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Lycopene Associated With Delayed Mortality in People With Metabolic Syndrome

Metabolic syndrome increases the risk of mortality, possibly partially due to increased oxidative stress and inflammation. A recent study suggests that higher blood levels of lycopene may lower the risk of mortality in people with metabolic syndrome.


Metabolic syndrome is a group of risk factors that raise the risk of heart disease, diabetes, stroke and other diseases.  These risk factors include central obesity, hypertension, and disturbed glucose and insulin metabolism.


Participants in the study included 2,499 people with metabolic syndrome who took part in the National Health and Nutrition Examination Survey (NHANES). The researchers divided the participants into three groups, based on lycopene levels: Low (0.011 to 0.291 umol/L); Medium (0.292 to 0/456 umol/L); and High (0.457 to 1.494 umol/L).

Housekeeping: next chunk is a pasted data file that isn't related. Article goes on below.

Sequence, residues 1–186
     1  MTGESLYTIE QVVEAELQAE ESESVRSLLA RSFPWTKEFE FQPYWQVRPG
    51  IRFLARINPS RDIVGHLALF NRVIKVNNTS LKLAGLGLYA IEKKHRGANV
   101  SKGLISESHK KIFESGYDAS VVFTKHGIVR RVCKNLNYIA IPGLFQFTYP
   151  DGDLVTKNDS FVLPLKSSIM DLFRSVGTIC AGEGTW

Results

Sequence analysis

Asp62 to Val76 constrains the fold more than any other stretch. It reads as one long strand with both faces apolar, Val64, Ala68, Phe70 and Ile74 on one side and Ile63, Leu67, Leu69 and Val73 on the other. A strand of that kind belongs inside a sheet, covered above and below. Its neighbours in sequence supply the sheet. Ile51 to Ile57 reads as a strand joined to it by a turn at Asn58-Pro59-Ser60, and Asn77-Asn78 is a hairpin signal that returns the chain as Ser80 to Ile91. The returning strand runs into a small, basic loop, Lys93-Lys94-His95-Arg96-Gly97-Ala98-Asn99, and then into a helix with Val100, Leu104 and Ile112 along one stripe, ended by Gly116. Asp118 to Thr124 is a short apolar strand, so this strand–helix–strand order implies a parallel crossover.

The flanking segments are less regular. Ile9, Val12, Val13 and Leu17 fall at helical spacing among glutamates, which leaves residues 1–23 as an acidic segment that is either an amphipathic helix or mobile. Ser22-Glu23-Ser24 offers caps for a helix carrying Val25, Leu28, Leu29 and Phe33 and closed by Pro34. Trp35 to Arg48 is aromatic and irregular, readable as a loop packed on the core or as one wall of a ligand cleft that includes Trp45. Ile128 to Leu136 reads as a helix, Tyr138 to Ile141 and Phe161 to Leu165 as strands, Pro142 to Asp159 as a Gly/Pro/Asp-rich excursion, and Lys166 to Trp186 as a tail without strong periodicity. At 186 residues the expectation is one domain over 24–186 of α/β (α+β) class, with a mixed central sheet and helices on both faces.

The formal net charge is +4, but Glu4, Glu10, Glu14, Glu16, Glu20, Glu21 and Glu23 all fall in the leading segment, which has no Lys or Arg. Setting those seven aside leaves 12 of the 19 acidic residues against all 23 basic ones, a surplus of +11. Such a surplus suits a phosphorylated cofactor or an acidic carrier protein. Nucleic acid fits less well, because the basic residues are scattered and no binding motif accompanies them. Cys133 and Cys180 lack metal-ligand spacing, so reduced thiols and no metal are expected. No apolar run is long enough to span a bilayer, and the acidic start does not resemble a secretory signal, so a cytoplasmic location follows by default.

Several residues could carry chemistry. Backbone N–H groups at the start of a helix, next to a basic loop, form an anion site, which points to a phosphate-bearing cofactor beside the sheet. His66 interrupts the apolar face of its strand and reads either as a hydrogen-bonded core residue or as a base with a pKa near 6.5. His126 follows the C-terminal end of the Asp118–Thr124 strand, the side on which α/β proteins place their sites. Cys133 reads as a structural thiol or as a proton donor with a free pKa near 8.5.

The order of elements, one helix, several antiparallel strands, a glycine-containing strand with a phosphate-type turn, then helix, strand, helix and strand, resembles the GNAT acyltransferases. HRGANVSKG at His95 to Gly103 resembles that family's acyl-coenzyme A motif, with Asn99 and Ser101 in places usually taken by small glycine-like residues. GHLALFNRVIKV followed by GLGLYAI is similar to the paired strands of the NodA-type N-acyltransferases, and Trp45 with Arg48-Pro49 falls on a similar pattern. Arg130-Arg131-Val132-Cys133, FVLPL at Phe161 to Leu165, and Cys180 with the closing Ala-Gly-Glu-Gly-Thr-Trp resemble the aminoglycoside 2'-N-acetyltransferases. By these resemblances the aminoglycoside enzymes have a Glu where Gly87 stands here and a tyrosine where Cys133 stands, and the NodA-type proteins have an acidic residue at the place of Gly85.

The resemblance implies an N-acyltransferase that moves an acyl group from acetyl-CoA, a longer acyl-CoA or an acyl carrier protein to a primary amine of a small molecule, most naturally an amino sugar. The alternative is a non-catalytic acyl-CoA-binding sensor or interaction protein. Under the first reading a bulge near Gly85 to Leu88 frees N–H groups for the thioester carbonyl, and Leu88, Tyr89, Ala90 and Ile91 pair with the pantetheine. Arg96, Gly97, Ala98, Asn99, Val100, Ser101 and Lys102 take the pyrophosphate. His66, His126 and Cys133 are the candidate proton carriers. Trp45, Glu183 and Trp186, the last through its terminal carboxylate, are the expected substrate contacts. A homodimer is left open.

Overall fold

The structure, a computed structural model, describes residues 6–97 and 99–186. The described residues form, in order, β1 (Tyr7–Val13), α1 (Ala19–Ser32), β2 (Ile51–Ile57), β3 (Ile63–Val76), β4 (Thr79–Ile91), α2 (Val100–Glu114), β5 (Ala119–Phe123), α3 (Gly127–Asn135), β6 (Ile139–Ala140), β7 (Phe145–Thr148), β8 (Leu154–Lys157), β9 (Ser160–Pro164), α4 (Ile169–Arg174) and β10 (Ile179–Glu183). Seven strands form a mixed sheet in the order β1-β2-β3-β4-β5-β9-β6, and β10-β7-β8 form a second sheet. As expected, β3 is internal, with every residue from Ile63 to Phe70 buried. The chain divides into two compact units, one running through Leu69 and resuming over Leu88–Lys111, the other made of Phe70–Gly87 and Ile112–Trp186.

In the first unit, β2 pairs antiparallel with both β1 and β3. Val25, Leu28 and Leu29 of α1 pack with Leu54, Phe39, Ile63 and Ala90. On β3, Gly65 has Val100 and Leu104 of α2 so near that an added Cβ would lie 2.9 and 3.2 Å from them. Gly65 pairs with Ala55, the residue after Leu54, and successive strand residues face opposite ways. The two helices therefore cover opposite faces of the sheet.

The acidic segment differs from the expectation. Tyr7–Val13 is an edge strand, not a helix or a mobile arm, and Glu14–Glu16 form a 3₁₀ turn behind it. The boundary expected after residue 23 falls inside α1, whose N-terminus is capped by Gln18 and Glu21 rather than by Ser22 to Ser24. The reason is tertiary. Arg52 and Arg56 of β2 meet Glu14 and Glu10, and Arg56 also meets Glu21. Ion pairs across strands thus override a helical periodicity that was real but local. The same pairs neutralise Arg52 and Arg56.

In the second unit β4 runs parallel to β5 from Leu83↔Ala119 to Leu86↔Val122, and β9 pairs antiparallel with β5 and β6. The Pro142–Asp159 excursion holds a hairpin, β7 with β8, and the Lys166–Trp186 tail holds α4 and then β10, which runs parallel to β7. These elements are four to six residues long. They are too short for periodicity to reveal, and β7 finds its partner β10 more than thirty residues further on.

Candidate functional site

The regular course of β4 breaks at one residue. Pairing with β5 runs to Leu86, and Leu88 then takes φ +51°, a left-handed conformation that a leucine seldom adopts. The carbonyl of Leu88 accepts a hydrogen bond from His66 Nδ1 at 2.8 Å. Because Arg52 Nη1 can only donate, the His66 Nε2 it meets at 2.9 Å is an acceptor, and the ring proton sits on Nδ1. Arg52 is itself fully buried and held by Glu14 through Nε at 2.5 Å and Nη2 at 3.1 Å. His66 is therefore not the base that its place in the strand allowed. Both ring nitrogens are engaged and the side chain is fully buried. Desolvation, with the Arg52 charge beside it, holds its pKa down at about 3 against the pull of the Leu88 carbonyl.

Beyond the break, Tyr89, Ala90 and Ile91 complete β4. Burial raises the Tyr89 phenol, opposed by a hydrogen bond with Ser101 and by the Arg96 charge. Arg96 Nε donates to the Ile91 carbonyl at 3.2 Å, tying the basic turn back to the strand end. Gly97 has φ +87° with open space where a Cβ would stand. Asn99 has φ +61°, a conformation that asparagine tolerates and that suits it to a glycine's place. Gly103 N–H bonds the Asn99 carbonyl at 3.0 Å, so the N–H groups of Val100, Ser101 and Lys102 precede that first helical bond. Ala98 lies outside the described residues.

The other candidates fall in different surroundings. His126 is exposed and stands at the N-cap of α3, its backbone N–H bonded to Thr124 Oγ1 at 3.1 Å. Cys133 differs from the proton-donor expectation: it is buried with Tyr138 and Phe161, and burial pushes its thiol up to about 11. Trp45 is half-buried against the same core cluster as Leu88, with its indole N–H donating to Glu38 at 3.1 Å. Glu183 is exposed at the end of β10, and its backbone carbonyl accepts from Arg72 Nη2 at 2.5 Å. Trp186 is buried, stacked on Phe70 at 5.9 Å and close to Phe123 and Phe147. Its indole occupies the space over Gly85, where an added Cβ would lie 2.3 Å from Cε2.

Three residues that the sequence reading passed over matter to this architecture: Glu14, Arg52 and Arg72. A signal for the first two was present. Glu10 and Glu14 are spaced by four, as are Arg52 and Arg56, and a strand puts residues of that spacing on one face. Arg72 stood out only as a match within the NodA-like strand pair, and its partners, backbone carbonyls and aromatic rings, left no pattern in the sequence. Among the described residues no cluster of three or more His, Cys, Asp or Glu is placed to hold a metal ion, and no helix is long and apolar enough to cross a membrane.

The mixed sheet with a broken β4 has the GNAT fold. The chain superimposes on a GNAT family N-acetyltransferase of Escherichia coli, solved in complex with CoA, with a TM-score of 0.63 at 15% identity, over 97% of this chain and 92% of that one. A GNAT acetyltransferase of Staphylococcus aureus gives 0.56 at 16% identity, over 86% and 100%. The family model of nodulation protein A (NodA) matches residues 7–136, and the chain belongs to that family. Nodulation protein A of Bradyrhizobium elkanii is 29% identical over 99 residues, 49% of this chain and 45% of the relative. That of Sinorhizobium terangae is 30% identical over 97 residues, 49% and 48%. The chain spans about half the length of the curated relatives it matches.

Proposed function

The mean survival time of people with the highest serum lycopene concentration was found to be approximately 4 months onger than the medium group and 13 months longer than the low group. However, they also noted that this study found correlation, not causation.


Researchers from the University of Nebraska Medical Center conducted the study. It was published online ahead of print on January 8, 2016, in Nutrition Research.


Previous studies have shown that lycopene may have a positive effect on heart health, bone health, and skin health. If you want to increase lycopene levels you may want to consider taking a lycopene supplement, or increasing your consumption of red-pigmented foods such as tomatoes, peppers and papayas. Certain diets, such as the Mediterranean diet, are also high in lycopene.

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